If patients who have or develop poorly-controlled diabetes improve glucose levels with insulin (especially if used in combination with thiazolidinediones), weight gain would be expected as part of improved control. This is not a comment on whether “tight” control was responsible or whether a particular class of medications is preferable. It is a comment that medical regimens for poorly controlled diabetes could include agents which improve overall survival at the cost of gaining weight. There may be other medications (eg, glucocorticoids, psychiatric) which improve health while promoting weight gain. Perhaps some of these factors explain the lack of negative consequences for patients who gained weight while participating in the Louisiana program reported by Johnson et al. In the primary care setting of this study, a lack of weight loss might have prompted increases in medications aimed at glucose, systolic blood pressure or triglycerides/HDL.
      Other factors may explain a lack of adverse events related to weight. Perhaps a bias for referring obese individuals caused those with less overall disease burden to be referred more readily for exercise tests in the VA system (or to be admitted from Emergency Departments in Massachusetts) than their lower weight counterparts. Another possibility is that there are some individuals who can tolerate weight with a minimum of negative sequelae. A subgroup of those who are “fit but fat”
      • Fogelholm M.
      Physical activity, fitness and fatness: relations to mortality, morbidity and disease risk factors A systematic review.
      could make it more difficult to prove generalized negative consequences of obesity. In the VA study, lower exercise capacity was associated with increased risk of death in both the weight loss and weight gain groups. Exercise was not a component of the weight loss program for the LOSS study. Perhaps future goals need to emphasize fitness as much as (or more than) weight.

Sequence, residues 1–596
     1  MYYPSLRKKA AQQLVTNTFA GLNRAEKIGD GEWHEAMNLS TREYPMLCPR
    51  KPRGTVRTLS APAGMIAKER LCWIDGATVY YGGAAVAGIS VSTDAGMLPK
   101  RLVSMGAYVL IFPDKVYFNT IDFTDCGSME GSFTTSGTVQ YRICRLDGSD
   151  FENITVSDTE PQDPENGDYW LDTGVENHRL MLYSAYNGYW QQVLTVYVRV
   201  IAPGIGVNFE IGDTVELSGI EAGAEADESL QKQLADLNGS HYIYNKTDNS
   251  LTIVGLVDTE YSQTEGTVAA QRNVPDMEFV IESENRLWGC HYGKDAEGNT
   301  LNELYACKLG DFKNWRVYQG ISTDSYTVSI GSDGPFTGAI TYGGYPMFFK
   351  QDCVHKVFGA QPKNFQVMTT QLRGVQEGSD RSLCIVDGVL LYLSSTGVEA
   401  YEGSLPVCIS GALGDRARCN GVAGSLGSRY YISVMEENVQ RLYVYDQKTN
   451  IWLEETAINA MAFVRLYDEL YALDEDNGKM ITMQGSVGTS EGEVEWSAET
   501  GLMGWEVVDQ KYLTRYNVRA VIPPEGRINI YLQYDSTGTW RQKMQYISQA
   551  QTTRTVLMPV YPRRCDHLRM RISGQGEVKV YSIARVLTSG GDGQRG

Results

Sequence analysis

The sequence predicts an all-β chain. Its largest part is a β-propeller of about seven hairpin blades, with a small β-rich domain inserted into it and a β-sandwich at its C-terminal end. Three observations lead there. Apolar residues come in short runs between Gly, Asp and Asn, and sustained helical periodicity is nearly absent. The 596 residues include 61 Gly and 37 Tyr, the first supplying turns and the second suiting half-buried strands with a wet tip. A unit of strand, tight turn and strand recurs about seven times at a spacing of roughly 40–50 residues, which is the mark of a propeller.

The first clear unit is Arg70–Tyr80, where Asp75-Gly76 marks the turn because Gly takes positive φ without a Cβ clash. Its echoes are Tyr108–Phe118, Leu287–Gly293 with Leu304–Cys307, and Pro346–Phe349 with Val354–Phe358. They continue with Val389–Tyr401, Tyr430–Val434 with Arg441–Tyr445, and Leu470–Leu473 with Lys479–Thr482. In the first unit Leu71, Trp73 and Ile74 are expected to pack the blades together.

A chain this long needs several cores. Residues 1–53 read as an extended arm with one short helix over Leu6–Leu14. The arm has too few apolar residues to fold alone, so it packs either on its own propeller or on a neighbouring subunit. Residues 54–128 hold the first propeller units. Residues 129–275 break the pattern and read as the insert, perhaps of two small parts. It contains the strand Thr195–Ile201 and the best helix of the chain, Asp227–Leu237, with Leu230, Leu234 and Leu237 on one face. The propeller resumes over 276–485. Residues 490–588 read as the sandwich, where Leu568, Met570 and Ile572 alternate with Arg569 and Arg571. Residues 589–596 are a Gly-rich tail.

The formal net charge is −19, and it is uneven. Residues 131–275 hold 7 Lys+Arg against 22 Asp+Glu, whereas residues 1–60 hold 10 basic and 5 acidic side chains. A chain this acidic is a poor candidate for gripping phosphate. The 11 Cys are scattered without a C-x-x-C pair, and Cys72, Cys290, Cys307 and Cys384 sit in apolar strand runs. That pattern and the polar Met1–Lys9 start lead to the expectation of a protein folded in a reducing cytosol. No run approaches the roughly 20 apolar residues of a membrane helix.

• Sui X.
      • LaMonte M.J.
      • Laditka J.N.
      • et al.
      Cardiorespiratory fitness and adiposity as mortality predictors in older adults.
      Ultimately, even if mortality rates are not worse for obese patients or those who gain weight, morbidity might be. While mortality is clearly an important endpoint, it may not be the only endpoint. If patients with weight gain are less likely to die but more likely to suffer with musculoskeletal abnormalities, severe sleep apnea, foot amputations, vision impairment, dialysis, malignancy or other weight-related consequences then we still have a serious set of public health problems which cannot be dismissed as a paradox.

      References

        • Waring M.E.
        • Saczynski J.S.
        • McManus D.
        • et al.
        Weight and mortality following heart failure hospitalization among diabetic patients.
        Am J Med. 2011; 124: 868-874
        • Myers J.
        • Lata K.
        • Chowdhury S.
        • McAuley P.
        • Jain N.
        • Froelicher V.
        The obesity paradox and weight loss.
        Am J Med. 2011; 124: 924-930
        • Johnson W.D.
        • Brashear M.M.
        • Gupta A.K.
        • Rood J.C.
        • Ryan D.H.
        Incremental weight loss improves cardiometabolic risk in extremely obese adults.
        Am J Med. 2011; 124: 931-938
        • Fogelholm M.
        Physical activity, fitness and fatness: relations to mortality, morbidity and disease risk factors.
        Obes Rev. 2010; 11: 202-221
        • Sui X.
        • LaMonte M.J.
        • Laditka J.N.
        • et al.
        Cardiorespiratory fitness and adiposity as mortality predictors in older adults.
        JAMA. 2007; 298: 2507-2516